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Reconsidering Taylor’s Law with Chaotic Population Dynamical Systems

Authors: Yuzuru Mitsui, Takashi Ikegami


The exponents of Taylor’s law in deterministic chaotic systems are computed, and their meanings are intensively discussed. Taylor’s law is the scaling relationship between the mean and variance (in both space and time) of population abundance, and this law is known to hold in a variety of ecological time series. The exponents found in the temporal Taylor’s law are different from those of the spatial Taylor’s law. The temporal Taylor’s law is calculated on the time series from the same locations (or the same initial states) of different temporal phases. However, with the spatial Taylor’s law, the mean and variance are calculated from the same temporal phase sampled from different places. Most previous studies were done with stochastic models, but we computed the temporal and spatial Taylor’s law in deterministic systems. The temporal Taylor’s law evaluated using the same initial state, and the spatial Taylor’s law was evaluated using the ensemble average and variance. There were two main discoveries from this work. First, it is often stated that deterministic systems tend to have the value two for Taylor’s exponent. However, most of the calculated exponents here were not two. Second, we investigated the relationships between chaotic features measured by the Lyapunov exponent, the correlation dimension, and other indexes with Taylor’s exponents. No strong correlations were found; however, there is some relationship in the same model, but with different parameter values, and we will discuss the meaning of those results at the end of this paper.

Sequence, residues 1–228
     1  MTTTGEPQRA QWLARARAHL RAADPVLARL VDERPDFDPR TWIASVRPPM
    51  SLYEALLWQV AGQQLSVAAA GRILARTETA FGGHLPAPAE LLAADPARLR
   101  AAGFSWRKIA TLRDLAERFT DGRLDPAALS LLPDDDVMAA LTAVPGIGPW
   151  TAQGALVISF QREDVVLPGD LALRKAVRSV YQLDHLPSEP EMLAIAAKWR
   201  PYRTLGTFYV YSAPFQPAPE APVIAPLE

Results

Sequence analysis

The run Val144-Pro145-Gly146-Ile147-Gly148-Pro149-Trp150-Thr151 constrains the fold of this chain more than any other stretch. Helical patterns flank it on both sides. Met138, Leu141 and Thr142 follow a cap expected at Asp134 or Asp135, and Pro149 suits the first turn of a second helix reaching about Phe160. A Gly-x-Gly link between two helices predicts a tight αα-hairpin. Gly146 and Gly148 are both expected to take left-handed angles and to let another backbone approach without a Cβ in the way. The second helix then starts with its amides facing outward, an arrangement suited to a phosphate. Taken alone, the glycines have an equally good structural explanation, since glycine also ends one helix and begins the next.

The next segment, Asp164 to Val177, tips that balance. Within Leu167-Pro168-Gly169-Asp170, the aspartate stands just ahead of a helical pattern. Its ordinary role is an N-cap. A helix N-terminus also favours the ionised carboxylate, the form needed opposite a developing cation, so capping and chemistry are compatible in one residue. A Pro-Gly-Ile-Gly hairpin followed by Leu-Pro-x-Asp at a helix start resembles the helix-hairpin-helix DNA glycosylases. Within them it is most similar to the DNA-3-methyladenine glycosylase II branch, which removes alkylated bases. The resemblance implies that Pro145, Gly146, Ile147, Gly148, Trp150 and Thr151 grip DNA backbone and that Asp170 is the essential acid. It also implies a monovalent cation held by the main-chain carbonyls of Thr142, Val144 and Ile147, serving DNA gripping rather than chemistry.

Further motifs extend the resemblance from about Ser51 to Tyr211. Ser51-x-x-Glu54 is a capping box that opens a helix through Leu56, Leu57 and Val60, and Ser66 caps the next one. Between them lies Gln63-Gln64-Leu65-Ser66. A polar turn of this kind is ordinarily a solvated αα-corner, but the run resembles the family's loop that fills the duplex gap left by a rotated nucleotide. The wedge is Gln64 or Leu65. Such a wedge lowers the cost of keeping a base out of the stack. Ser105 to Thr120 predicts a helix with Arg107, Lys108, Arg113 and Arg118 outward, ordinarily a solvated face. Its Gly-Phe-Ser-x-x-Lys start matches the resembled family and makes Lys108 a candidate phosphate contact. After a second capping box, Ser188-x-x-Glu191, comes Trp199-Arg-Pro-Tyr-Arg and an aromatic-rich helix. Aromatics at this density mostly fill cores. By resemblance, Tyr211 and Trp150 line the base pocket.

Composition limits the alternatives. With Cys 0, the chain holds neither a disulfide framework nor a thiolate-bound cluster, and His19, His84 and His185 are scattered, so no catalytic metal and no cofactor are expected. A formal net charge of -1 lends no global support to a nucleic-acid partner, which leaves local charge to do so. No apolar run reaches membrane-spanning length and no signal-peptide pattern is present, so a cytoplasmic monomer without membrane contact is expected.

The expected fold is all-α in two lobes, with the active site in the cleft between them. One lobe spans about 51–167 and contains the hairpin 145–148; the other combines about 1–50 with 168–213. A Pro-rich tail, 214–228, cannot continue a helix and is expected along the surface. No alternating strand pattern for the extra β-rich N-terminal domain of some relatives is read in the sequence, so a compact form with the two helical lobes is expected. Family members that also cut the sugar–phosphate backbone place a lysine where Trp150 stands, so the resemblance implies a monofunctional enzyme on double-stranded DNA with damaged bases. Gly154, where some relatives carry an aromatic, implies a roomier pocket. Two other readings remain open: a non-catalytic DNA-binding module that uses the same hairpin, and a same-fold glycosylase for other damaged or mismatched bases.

Keywords: chaos, density effect, population dynamics, Taylor’s law

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